Log in
Thyroid UK
100,826 members114,587 posts

RAI for Graves Disease - Website which helped me.

Had RAI for Graves Disease in 2001. I then went Hypo. Spent 2 years running around doctors offices (finding no answers or relief) and then found This site, which has helped me immensely.

stopthethyroidmadness.com/

I started on Nascent Iodine yesterday. Will update at regular intervals.

18 Replies
oldestnewest

If only STTM were able to find the old Swedish research which proved that after Graves Disease the body can never again cope on so called "normal " levels of t4 or t3 never mind TSH there would be far less people struggling

1 like
Reply

Reallyfedup123 - what study is this? Is it that these patients need more or less meds than someone without graves or that they can't find their optimal dose? My partner is nearly 2 yrs post thyroidectomy for uncontrolled graves and we still can't find his dose!

Reply

Its a very old study that i was told about by an Endo 30 yrs ago

so far no one can find it but it found that Graves patients bodies are so sensitised to such high levels of thyroid hormone that after rai or thyroidectomy they can never again cope on normal levels of thyroid hormone

They need a much higher dose and blood tests must never be relied on

They also need to be treated with dessicated natural thyroid rather than levothyroxine presumably because their body cells are so damaged they cannot convert t4 into t3

Certainly my husbands experience bears this out and written across his notes at Charing X Hospital is "treat on symptoms not on blood tests " not that they prescribed Armour thyroid but the Prof that diagnosed my husband had patients on very very high doses of thyroid hormones for the above reasons

He has since retired and theres precious few doctors who know what he did

Reply

This Swedish study points out that a large proportion of patients have low or undetectable TSH levels many years after their surgery or radio-active iodine treatment.

It contains a seemingly odd mention of the personality of patients affecting original development of Graves DIsease - which initially comes across as "blame the patient" in one of its limitless variations.

Eur J Endocrinol. 2007 Feb;156(2):173-9.

Thyroid hormone state and quality of life at long-term follow-up after randomized treatment of Graves' disease.

Abraham-Nordling M1, Wallin G, Lundell G, Törring O.

Author information

Abstract

OBJECTIVE:

In a 14-21 year follow-up of health-related quality of life (HRQL) outcome of 179 patients after randomized treatment of Graves' disease (GD) with surgical, medical or radioiodine, we found no differences. The HRQL for Graves' patients, however, was lower compared with a large age- and sex-matched Swedish reference population. We have now studied whether the reported HRQL-scores by Medical Outcome Study 36-item Short-Form Health Status Survey (SF36) and quality of life 2004 (QoL2004) answers were related to the thyroid hormone state of the patient.

METHODS:

This report comprises 91 of the original patients in which both the results of SF36 and QoL2004 questionnaire as well as serum thyroid hormones and current use of l-thyroxine treatment were available.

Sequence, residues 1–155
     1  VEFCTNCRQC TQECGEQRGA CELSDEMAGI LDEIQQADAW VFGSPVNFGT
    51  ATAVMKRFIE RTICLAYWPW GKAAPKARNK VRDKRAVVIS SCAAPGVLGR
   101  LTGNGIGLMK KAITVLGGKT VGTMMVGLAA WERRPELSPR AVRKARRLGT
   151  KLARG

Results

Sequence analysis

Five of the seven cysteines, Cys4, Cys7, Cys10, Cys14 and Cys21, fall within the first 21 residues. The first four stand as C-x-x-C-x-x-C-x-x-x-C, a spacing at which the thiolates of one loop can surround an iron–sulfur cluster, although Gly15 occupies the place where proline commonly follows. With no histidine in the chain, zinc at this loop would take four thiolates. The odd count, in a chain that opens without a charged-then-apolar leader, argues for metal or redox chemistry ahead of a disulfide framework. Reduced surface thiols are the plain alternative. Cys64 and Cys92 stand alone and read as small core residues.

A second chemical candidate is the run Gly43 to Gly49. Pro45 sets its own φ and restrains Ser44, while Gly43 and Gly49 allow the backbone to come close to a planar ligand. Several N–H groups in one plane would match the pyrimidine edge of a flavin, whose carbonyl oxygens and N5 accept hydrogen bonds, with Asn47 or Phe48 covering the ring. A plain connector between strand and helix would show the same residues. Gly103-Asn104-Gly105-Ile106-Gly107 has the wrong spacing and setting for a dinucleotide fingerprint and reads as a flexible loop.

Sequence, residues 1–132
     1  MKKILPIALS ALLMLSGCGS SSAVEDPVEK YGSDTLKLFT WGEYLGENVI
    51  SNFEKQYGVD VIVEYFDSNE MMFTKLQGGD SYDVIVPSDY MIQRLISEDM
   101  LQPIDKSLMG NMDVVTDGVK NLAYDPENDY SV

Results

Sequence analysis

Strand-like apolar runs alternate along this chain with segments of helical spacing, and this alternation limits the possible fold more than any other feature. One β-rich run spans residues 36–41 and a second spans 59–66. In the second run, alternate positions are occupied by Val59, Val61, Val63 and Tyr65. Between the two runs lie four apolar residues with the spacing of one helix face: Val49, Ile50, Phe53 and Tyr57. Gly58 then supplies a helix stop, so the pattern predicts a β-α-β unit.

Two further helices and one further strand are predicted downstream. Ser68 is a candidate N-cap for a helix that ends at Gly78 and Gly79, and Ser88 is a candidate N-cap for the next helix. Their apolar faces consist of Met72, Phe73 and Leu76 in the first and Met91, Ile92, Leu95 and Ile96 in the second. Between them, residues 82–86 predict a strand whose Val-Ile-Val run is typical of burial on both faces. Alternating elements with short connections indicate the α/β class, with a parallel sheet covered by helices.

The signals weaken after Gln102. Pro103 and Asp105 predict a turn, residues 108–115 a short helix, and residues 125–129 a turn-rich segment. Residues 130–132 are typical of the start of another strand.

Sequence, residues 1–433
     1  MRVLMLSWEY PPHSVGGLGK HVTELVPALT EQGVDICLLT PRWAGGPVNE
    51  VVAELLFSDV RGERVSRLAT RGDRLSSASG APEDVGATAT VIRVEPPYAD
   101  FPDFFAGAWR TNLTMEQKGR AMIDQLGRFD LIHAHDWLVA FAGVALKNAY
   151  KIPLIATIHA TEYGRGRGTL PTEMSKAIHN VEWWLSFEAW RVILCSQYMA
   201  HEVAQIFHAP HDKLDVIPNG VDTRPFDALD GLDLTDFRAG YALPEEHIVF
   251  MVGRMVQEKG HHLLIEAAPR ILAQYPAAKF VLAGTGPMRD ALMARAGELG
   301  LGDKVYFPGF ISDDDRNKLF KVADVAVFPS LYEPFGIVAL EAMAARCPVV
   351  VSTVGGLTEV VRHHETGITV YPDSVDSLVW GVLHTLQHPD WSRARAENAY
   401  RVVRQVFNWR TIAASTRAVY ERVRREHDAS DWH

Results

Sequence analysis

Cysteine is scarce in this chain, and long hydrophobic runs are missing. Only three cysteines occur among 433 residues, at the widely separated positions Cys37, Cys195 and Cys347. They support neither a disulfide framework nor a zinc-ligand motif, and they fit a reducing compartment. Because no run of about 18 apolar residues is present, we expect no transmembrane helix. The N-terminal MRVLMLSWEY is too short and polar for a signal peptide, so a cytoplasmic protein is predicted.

RESULTS:

A large number of the patients had low or undetectable serum TSH concentrations. SF36 scores and answers to QoL2004 questionnaires were not correlated to TSH levels or associated with suppressed TSH. A low free triiodothyronine was weakly associated with a low GH score (P < 0.02) and elevated thyrotropin receptor antibody with a low physical component summary (P < 0.02).

CONCLUSION:

HRQL do not seem to be influenced by the thyroid hormone state of the patient including subclinical thyrotoxicosis. It is possible that the personality of GD patients as such may have resulted both in the development of GD and lower HQRL scores later on in life. Alternatively, the generic SF36 may not be a proper instrument to detect relevant differences in HRQL related to the thyroid state.

PMID: 17287406 [PubMed - indexed for MEDLINE]

ncbi.nlm.nih.gov/pubmed/172...>

Free full text

eje-online.org/content/156/...

Reply

Welcome to the forum, Bellamazon.

Did you test for iodine deficiency before supplementing iodine? You should be getting the iodine you require from Levothyroxine or the thyroid hormone replacement you take.

STTM is a good site but some dietary/supplement advice should be treated with caution.

2 likes
Reply

Yes, I was tested for for iodine levels before beginning. I did the self-test of placing 1 drop of iodine on my wrist and smeared it into a 2 inch circle. Paid attention to what time I did it and saw how long it took to disappear. If its still there after 24 hours then your good. If it is gone in 6 hours then your very low etc.. I tried this along with the blood test because I read that blood tests are not accurate for iodine levels but a urine test is.

I also agree that any supplementation should be treated with caution. As I have been my own best advocate for the past 13 years, I do not post my answers lightly.

Reply

Bellamazon, Type Iodine into the HU Search Finder and you'll find a couple of thousand posts on iodine. Some recent posts include research debunking the validity of iodine skin patch tests.

Reply

Such as:

The bioavailability of iodine applied to the skin

Guy E. Abraham, M.D

 

I have decided to write a series of manuscripts on the most commonly asked questions about iodine. These manuscripts will be displayed on our website. This report is the first of this series. I have often been asked: 1) Is the application of iodine to the skin an acceptable way to supplement iodine? 2) Are there any data confirming the validity of the iodine skin patch test to assess body sufficiency for iodine? The interpretation commonly used to assess the results of the iodine skin patch test: The faster the yellow color of iodine disappears from the skin, the more iodine deficient the person tested; and vise versa: if the yellow color lingers, the more sufficient in iodine the person tested.